Hi Dane and welcome to the Forum.
The best book to read on meteorology is the one that you can understand!
So if you are just starting out to study “the science of variables” then go to a library or a marine
college and get a basic primer on weather systems. Remember, that marine
colleges are teaching fisherman and mariners the weather basics so you can bet they will have some very good teaching aids that are designed for a layman to understand and use.
Once you get a full grasp of how it works, there are other books
that go into steering
influences of weather patterns (like how 500mb level reports can often steer temperate Lows) and many other variables to consider when you are doing your own weather prediction.
There are many good books on being a weather observer which were developed by the aviation industry as well as the Navy
so best to browse the libraries until you find one that reads well to you.
I commend you on taking an interest on being your own weatherman as so many sailors these days depend on being told, instead of learning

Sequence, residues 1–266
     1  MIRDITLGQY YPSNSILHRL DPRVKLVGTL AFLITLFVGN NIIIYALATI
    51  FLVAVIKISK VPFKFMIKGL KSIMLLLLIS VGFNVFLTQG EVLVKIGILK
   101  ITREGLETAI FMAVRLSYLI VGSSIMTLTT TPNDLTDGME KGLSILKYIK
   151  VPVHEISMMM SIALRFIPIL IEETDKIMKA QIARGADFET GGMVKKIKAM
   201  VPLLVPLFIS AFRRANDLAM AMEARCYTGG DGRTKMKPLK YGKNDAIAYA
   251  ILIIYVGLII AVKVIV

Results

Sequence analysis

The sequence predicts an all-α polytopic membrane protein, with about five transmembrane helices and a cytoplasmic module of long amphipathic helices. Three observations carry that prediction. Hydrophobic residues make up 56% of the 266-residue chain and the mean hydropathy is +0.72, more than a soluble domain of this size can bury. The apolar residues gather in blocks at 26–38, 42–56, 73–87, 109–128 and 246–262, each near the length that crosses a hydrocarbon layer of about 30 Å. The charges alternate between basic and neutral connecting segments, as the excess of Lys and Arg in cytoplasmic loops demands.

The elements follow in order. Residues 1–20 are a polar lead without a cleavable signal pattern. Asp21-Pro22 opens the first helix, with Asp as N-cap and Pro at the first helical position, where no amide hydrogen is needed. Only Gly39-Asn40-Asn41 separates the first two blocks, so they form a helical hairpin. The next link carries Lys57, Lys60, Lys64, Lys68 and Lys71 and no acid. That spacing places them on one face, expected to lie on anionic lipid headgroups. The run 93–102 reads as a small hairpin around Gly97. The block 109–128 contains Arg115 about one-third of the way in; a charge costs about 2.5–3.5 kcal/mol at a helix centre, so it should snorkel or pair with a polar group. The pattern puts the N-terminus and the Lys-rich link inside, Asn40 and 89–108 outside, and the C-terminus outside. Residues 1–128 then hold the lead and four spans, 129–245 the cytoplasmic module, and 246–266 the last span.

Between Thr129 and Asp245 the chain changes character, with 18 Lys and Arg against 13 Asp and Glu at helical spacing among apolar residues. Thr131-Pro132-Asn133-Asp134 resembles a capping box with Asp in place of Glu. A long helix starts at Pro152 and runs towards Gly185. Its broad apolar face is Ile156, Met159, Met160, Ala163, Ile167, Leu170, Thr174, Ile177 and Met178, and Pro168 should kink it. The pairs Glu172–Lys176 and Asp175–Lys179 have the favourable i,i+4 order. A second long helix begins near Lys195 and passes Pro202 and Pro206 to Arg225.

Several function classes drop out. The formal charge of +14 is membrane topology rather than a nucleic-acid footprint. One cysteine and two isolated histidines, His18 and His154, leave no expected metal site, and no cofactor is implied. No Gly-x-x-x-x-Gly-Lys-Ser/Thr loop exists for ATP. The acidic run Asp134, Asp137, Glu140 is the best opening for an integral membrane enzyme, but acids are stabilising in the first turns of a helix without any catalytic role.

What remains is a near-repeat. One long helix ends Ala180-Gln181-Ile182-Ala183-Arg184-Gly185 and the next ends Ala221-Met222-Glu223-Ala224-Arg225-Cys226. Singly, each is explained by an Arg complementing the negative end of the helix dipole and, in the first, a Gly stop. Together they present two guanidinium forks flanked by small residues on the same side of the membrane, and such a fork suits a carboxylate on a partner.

how to understand real time synopsis via Grib files and predict what will come based on their local observations.
A useful tool in your training is to use a 7 day forecaster like: PassageWeather - Wind, Wave and Weather Forecasts for Sailors and Adventurers
and see how the variable pressure gradients will affect local wind
and waves of a given region. Make it a daily habit to study an area then Note that the predictions are always modified every day and try to figure out why.
It is the only way to get a good feel for weather variables which is why some people call it an art rather than a science. To me it is both!